Black Holes Can Grow As Large As 50 Billion Suns
Researchers discovered that black holes, which are found in the heart of galaxies, could expand to 50 billion times the mass of the sun before they lose their discs of gas, which keeps them running , according to a study at the University of Leicester.
The study focused on super-massive black holes that are found in the center of many galaxies in regions where gas settles into an orbiting disc. This gas can lose energy and fall inwards, which feeds the black hole. However, discs can be unstable and they collapse into stars.
The researchers calculated how big a black hole would have to be for its outer edge to keep a disc from forming, they came up with 50 billion solar masses. The researchers found that a black hole would stop growing without a disc, which means that 50 billion suns would roughly be the upper limit. The means if a black hole still wanted to become larger, it would require a star to fall straight into it, or another black hole to merge with it.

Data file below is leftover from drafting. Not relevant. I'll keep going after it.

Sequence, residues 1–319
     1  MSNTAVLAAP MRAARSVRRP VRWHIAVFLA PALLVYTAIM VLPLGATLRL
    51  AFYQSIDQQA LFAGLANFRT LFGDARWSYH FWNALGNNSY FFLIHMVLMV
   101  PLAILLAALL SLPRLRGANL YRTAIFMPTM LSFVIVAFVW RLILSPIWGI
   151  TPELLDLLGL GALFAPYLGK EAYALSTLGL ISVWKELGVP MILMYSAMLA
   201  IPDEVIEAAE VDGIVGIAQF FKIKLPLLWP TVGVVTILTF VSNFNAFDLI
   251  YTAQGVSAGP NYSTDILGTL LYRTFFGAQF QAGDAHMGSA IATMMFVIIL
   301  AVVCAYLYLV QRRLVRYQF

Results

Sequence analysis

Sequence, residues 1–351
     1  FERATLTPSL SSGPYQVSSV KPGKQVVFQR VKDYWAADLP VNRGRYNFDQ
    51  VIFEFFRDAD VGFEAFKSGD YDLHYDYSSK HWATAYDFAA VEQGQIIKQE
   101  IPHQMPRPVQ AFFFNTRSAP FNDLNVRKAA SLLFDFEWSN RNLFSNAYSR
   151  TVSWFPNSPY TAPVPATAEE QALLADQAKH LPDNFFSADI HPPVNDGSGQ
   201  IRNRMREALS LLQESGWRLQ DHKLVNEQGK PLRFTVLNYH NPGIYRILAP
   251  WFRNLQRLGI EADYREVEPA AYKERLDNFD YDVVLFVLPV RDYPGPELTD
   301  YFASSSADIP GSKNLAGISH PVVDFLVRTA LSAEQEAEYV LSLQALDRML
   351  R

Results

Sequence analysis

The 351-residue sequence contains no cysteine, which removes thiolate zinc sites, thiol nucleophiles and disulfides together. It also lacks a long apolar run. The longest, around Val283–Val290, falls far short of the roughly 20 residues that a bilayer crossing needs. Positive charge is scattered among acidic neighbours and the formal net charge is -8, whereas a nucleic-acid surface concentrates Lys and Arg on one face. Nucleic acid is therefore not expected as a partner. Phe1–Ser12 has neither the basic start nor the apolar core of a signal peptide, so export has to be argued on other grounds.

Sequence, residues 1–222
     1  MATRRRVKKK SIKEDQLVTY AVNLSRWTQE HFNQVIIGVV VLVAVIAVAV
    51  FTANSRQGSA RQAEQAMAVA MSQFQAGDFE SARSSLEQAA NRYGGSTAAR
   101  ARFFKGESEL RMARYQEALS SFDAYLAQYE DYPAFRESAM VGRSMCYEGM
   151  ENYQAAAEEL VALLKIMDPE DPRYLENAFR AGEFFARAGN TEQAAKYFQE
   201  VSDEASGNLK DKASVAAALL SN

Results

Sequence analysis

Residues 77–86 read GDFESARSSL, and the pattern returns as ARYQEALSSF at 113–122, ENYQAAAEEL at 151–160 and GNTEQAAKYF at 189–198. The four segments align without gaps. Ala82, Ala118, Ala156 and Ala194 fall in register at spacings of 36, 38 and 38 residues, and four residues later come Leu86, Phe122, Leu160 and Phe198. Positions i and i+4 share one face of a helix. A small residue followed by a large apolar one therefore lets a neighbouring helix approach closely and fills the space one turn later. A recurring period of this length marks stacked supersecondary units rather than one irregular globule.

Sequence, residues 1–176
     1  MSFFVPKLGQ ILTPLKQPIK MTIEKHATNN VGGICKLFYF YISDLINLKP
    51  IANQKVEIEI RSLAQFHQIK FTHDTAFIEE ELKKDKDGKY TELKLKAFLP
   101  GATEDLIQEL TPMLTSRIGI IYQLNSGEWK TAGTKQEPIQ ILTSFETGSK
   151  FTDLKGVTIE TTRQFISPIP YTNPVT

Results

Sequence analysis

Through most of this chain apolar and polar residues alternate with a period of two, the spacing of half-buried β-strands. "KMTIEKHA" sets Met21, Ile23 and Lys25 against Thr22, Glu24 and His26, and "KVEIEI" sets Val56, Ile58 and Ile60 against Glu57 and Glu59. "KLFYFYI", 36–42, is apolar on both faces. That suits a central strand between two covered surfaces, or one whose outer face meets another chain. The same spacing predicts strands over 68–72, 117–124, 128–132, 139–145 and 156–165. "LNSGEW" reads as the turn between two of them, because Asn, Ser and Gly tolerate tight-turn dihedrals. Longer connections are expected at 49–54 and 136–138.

"The significance of this discovery is that astronomers have found black holes of almost the maximum mass, by observing the huge amount of radiation given off by the gas disc as it falls in," Professor Andrew King, lead author of the study, said in a news release. "The mass limit means that this procedure should not turn up any masses much bigger than those we know, because there would not be a luminous disc."
The findings of this study were published in Monthly Notices of the Royal Astronomical Society.
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